Thursday, January 26, 2017 - 4:10pm to 5:10pm  ·  Colloquium
Dr. Alexander Tchekhovskoy, UC Berkeley

Abstract: Black holes are responsible for a wide range of astrophysical phenomena. They devour stars, emit gravitational waves, eject relativistic jets, affect star formation and galaxy evolution, and enrich the Universe with heavy elements. I will discuss how global general relativistic magnetized fluid dynamics numerical simulations allow us to use this activity to quantitatively probe strong-field gravity and constrain black hole physics in a wide range of astrophysical systems. I will finish by making connections to my future research plans.

Monday, January 23, 2017 - 2:30pm to 3:30pm  ·  Colloquium
Dr. Francois Foucart, Lawrence Berkeley National Laboratory

Abstract: Black holes and neutron stars are extraordinary astrophysical laboratories. They allow us to test the laws of gravity and nuclear physics in extreme environments which cannot be reproduced on Earth. In this talk, I will discuss efforts to model these compact objects in two classes of astrophysical systems: mergers of black hole-neutron star and neutron star-neutron star binaries, and accretion disks around supermassive black holes. The first are powerful sources of gravitational waves, and emit bright electromagnetic transients.

Friday, December 9, 2016 - 4:00pm  ·  Colloquium
Prof. Oleg Tchernyshyov, The Johns Hopkins University

Magnets host a variety of solitons: domain walls, vortices, and skyrmions, to name a few. Protected by their nontrivial topology, these solitons can be used for storing and processing information. This motivates us to build economic, yet realistic models of soliton dynamics in magnets. I will review the behavior of magnetic solitons in one, two, and three dimensions. 

Friday, November 4, 2016 - 4:00pm  ·  Colloquium
Prof. Matthew White, University of Vermont

Solution-processed semiconductor devices, including perovskite and organic photovoltaics and organic LEDs, are inherently thin-film technologies. Therefore.

Friday, October 28, 2016 - 4:00pm  ·  Colloquium
Prof. Marc Lessard, University of New Hampshire

The Sun delivers energy to Earth in the form of a magnetized plasma called the solar wind. As that plasma impacts Earth’s magnetic field, a variety of processes evolve that enable the transfer of much of that energy to our ionosphere, producing spectacular auroral displays in the process. Not surprisingly, some of the energy is also transferred to our neutral upper atmosphere (the "thermosphere”).

Friday, October 21, 2016 - 4:00pm to 5:00pm  ·  Colloquium
Prof. Joe Checkelsky, Massachusetts Institute of Technology

Abstract:  A goal of the exploration of new quantum materials is the development of solid state systems with new functionalities.  Topological Insulators are a new class of quantum materials which have recently become of great interest to the physics community- these materials have electronic states that are in some ways fundamentally more robust against disorder than conventional electronic systems.  At the forefront of research in these systems is the attempt to capitalize on this unique aspect of these materials to realize new electronic capabilities.  Here we review our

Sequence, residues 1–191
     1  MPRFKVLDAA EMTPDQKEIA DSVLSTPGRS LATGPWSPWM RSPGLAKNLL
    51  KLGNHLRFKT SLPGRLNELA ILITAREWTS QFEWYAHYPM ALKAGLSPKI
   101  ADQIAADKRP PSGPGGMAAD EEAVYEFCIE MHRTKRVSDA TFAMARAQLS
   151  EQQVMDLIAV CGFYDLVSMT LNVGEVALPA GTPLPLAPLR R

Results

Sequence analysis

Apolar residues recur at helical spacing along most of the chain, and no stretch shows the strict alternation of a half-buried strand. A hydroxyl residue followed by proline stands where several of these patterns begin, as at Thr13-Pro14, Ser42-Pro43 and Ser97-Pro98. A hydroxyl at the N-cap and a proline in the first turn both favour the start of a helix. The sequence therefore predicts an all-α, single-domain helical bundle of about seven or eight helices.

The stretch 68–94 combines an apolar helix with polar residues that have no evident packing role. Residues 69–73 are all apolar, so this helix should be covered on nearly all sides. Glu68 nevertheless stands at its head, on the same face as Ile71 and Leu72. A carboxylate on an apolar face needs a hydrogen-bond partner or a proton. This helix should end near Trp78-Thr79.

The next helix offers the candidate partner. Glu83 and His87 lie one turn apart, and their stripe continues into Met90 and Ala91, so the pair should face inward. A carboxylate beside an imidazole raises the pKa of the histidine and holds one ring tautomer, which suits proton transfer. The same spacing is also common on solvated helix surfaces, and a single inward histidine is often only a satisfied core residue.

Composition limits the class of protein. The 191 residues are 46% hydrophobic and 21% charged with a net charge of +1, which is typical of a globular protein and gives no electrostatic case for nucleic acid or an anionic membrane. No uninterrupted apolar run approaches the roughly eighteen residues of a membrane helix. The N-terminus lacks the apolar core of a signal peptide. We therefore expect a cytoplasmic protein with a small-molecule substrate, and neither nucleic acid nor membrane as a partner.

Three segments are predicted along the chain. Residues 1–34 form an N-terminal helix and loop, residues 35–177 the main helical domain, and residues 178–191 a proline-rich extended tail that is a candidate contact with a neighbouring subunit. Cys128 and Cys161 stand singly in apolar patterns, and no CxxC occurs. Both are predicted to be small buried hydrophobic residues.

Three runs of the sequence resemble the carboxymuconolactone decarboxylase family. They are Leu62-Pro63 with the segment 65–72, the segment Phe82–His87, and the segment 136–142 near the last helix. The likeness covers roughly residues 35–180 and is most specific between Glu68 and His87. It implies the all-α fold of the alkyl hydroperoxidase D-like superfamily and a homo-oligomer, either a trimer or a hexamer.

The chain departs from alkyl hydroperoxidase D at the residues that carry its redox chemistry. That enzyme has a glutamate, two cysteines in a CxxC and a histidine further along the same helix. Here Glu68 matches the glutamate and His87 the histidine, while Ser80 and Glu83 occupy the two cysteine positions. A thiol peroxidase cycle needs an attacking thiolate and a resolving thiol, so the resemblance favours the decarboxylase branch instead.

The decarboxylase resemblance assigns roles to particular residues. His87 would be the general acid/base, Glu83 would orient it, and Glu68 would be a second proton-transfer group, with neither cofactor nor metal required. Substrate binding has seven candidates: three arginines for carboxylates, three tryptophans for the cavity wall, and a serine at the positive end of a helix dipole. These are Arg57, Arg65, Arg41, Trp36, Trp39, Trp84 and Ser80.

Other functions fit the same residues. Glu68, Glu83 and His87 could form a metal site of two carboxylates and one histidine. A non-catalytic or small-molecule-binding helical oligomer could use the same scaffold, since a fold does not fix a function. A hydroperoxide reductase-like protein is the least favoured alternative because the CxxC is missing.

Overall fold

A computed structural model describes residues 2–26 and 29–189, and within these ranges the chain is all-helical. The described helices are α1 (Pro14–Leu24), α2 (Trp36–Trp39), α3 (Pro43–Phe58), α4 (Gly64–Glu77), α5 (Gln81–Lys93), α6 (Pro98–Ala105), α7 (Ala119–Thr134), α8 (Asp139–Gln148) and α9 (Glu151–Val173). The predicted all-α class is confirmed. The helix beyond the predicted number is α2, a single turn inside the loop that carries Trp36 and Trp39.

Friday, May 6, 2016 - 2:00pm to 3:00pm  ·  Colloquium
  • 02:00pm – 02:20pm: Nicholas Marcellino: Using Monte Carlo Simulations to Model Positron Clouds in Thunderstorms
  • 02:20pm – 02:40pm: Brendan Batty, Lisa Bouchard, Tessa Gorte, Patrick Hampson, Daniel Jellis Brent Lawson, Aaron Rago: Induction into Sigma Pi Sigma
  • 03:10pm – 03:30pm: Zain Abbas: Analyzing the Efficiency of a Mass Spectrometer for Magnetospheric Observations
  • 03:30pm – 03:50pm: Dereck Gervais: Developing and Assessing Viscosity Curriculum for Introductory Physics for the Life Science
Thursday, April 28, 2016 - 1:00pm to 2:00pm  ·  Colloquium
Dr Ningyu Liu

TBD

Friday, April 15, 2016 - 4:00pm to 5:00pm  ·  Colloquium
Tracy Slayter, MIT

Abstract: Dark matter is believed to comprise five-sixths of the matter in the universe, and is one of the strongest pieces of evidence for new fundamental physics. But dark matter does not interact directly with light, making it very difficult to detect except by its gravity. I will describe how dark matter collisions might produce high-energy particles observable by Earth-based telescopes, and how we can attempt to tease out those signals from the background.

Thursday, April 14, 2016 - 4:00pm to 5:00pm  ·  Colloquium
Dr. Eric Grove

Abstract:  Thunderstorms are nature's most powerful terrestrial particle accelerators.  The high-voltage, high-current electrical discharges of lightning are a familiar feature of a summer storm, but only recently have we come to learn that cloud-to-ground lightning strokes are accompanied by bursts of X-rays, that thunderstorms glow in gamma rays, and that storms occasionally produce intense flashes of gamma rays and launch charged particles into space at relativistic energies.